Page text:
Modifications of the Lisfranc amputation include preservation of the 5th metatarsal base, and the 2nd metatarsal base, in its intercuneiform mortise.
The patient is placed in a supine position with the foot and lower half of the leg prepared and draped in the usual manner. This procedure is performed in a manner similar to the transmetatarsal amputation, with the development of a longer plantar flap and short dorsal flap. The dorsal skin incision is made just distal to the 1st metatarso-cuneiform joint and carried across the dorsum of the foot, ending just distal to the 5th metatarsal base. Occasionally it may be necessary to develop a longer dorsal flap to compensate for devitalized plantar skin. The medial and lateral incisions are carried distally along the metatarsal shafts to the necks of the metatarsals and then curved plantarly across the ball of the foot. The plantar flap is developed to the intended level of disarticulation.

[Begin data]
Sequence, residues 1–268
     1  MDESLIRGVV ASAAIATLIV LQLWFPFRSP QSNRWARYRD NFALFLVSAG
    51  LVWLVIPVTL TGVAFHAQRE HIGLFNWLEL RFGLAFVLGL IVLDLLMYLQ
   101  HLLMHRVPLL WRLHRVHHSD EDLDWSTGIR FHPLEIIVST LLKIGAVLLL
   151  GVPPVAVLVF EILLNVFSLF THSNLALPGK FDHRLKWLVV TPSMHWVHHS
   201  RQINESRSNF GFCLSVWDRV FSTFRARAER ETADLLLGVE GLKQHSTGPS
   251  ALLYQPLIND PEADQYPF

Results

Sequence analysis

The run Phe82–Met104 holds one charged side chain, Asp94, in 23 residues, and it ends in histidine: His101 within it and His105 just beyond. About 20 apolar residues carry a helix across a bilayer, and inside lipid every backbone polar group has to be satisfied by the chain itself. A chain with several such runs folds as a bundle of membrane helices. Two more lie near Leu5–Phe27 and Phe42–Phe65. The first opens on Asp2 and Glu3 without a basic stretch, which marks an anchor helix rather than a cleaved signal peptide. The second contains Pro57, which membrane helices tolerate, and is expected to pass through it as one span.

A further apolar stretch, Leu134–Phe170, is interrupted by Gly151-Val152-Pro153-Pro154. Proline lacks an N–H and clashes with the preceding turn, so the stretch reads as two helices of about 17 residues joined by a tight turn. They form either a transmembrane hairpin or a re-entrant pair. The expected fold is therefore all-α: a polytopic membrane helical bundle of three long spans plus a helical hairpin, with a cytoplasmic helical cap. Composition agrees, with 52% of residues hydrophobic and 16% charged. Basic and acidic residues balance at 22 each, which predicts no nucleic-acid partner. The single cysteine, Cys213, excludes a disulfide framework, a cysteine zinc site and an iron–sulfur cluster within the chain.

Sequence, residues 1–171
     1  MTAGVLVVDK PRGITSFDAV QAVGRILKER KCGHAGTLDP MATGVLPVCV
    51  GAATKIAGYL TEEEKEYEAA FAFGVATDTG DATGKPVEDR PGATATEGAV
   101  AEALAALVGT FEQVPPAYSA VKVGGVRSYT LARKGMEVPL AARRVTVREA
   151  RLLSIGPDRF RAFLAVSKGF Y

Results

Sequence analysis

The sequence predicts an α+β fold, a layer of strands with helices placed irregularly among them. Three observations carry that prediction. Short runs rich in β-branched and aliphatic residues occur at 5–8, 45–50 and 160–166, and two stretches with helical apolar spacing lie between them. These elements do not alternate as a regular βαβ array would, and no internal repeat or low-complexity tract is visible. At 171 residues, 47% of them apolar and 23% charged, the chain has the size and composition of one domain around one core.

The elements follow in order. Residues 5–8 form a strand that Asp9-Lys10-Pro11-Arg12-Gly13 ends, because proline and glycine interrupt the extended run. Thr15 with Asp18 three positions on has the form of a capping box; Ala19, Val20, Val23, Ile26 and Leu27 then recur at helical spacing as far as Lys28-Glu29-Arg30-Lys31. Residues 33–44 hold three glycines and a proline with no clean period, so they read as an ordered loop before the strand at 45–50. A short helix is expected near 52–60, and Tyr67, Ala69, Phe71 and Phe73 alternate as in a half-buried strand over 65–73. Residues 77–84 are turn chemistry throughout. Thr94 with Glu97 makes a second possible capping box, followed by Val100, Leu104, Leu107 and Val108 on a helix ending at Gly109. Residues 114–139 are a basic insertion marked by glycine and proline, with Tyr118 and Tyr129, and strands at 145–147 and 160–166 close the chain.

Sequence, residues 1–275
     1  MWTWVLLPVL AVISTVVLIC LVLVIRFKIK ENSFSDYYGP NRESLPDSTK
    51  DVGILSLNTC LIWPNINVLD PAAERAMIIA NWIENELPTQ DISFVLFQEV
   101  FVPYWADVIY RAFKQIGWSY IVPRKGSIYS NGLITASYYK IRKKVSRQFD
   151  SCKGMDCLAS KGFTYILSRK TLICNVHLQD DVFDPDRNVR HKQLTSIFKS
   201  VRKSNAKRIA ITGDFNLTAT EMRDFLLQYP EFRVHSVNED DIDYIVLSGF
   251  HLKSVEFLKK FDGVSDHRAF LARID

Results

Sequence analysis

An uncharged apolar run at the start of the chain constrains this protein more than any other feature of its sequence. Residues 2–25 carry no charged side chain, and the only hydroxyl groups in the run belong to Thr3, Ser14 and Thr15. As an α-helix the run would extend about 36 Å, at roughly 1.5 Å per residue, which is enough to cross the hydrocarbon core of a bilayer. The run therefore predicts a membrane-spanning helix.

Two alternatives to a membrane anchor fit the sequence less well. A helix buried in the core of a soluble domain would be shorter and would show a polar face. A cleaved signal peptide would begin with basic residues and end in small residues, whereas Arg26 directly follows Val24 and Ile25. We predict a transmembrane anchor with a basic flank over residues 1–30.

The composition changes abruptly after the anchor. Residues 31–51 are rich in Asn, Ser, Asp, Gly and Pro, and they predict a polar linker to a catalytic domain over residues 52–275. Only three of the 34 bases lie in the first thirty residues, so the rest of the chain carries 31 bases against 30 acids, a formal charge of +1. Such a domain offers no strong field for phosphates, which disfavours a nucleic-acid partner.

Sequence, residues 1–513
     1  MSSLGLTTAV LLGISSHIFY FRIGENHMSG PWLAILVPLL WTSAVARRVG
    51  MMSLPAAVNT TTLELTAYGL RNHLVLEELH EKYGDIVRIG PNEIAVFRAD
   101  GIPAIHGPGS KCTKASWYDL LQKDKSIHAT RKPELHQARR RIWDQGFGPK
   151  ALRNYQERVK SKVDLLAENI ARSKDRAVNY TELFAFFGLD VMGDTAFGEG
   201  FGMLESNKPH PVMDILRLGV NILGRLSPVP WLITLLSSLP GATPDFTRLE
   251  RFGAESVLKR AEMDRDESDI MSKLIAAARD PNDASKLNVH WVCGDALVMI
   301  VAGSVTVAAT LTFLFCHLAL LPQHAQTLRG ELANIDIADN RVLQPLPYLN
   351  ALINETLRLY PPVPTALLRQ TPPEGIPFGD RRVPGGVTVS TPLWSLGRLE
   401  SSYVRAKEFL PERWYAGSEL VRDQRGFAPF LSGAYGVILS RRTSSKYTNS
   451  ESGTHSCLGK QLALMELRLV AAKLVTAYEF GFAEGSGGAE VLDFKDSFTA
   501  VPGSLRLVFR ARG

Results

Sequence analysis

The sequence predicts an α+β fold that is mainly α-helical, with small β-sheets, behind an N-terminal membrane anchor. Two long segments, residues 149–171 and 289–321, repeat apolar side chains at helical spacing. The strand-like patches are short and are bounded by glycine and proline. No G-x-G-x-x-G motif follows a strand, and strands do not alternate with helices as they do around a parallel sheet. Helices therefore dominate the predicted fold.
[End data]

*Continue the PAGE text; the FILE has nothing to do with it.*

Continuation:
The 1st metatarsal base is disarticulated from the medial cuneiform. Using a power saw, and working from medial to lateral, the 2nd metatarsal is transected at the level of the 1st and 3rd cuneiforms, leaving its base intact in the intercuneiform mortise. The 3rd and 4th metatarsals are then disarticulated, followed by transection of the 5th metatarsal, just distal to its base. Although the 5th metatarsal base will leave a prominence of bone, this generally does not cause a problem. Wound closure is performed in the same manner as described above for a transmetatarsal amputation. Dressings and postoperative care are also the same. High-top shoes or chukka boots with a stump filler and mild rocker sole are well suited for this level of mid-foot amputation.
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